The military strongman announced the capture of Derna, the only part of eastern Libya which was outside his forces' control.
Libyan strongman Khalifa Haftar announced on Thursday the “liberation” of Derna, the only city in the eastern region beyond his control, from radical Islamist militias.
“We proudly announce the liberation of Derna, a city dear to all Libyans,” the breakaway military leader said in a televised speech.
He promised residents a “new era of freedom, security and peace”.
A spokesman for Haftar’s self-styled Libyan National Army (LNA) said troops stormed the last stronghold of the “al-Qaeda organisation” in the city centre.
The LNA launched its offensive on 7 May to seize the city, a coastal town of nearly 150,000 people, about 1,000 kilometres (620 miles) east of Tripoli.
Derna had been held by a ragtag alliance of Islamist and jihadist militias, including groups close to al-Qaeda hostile to both Haftar and the Islamic State group.
Accused by his opponents of wanting to establish a new military dictatorship in Libya, Haftar supports a parallel government that rules over eastern Libya, which has the backing of Egypt and the United Arab Emirates, and challenges the authority of the UN-backed government based in Tripoli in the west.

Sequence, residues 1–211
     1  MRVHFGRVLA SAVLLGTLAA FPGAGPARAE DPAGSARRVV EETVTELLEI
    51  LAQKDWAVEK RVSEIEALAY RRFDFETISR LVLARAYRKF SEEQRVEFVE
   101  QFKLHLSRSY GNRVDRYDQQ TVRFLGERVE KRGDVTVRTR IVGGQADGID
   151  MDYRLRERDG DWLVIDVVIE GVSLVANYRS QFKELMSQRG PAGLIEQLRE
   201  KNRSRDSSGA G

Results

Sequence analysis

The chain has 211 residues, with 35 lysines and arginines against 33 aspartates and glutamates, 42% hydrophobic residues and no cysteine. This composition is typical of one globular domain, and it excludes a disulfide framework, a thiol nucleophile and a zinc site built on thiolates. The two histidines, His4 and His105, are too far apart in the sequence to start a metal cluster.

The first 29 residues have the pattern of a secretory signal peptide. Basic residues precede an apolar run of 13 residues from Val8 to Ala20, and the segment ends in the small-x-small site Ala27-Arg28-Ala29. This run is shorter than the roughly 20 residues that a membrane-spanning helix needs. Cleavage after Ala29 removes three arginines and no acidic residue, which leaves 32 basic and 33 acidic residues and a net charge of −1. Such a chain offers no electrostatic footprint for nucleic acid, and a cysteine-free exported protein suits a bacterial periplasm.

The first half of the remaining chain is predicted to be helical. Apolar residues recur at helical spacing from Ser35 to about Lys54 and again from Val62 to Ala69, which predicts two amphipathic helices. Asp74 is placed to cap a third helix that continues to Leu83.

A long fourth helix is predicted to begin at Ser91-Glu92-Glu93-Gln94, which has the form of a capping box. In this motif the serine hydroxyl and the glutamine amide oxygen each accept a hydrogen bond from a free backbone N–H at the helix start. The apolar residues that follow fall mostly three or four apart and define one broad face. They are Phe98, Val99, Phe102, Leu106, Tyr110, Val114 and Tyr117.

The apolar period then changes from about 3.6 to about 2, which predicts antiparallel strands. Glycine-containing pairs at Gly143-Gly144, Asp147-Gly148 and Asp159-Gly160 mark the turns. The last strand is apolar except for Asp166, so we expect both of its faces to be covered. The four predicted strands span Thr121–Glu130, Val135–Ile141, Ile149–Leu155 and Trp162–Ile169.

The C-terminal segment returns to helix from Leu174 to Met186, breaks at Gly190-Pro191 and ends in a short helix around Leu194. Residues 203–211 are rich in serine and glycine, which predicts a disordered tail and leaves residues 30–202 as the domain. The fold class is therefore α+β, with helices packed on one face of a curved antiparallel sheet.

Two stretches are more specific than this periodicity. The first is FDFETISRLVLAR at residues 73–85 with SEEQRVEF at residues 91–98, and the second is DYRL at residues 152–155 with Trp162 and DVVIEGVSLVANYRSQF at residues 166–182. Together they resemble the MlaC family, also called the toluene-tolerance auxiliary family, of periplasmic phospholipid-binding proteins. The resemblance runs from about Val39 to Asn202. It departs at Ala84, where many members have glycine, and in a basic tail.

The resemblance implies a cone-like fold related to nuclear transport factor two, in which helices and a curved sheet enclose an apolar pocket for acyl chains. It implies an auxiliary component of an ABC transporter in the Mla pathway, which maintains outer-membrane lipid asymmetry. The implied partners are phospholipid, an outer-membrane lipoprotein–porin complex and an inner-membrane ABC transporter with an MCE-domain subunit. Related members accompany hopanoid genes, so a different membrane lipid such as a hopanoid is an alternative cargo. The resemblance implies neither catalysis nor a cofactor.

The LNA said earlier this week it had regained “full control” of Libya’s oil crescent, days after it retook Ras Lanuf and al-Sidra – through which Libyan oil is transported abroad – from a rival militia in nearly two weeks of deadly clashes.
Haftar said all future revenues from the terminals under his control would be handed over to the unrecognised administration.
Washington and its allies on Wednesday demanded that the two key oil installations be returned to the control of the UN-backed government, who called on the UN Security Council to block any “illegal” oil exports from the chaos-hit country.
Libya has been wracked by conflict since the 2011 ouster and killing of longtime dictator Moammer Gaddafi in a NATO-backed uprising, with rival governments and militias competing for authority and oil wealth.
Its economy relies heavily on oil, with production at 1.6 million barrels per day under Gaddafi.
Gaddafi’s 2011 ouster saw production fall to about 20 percent of that level, before recovering to more than one million barrels per day by the end of 2017.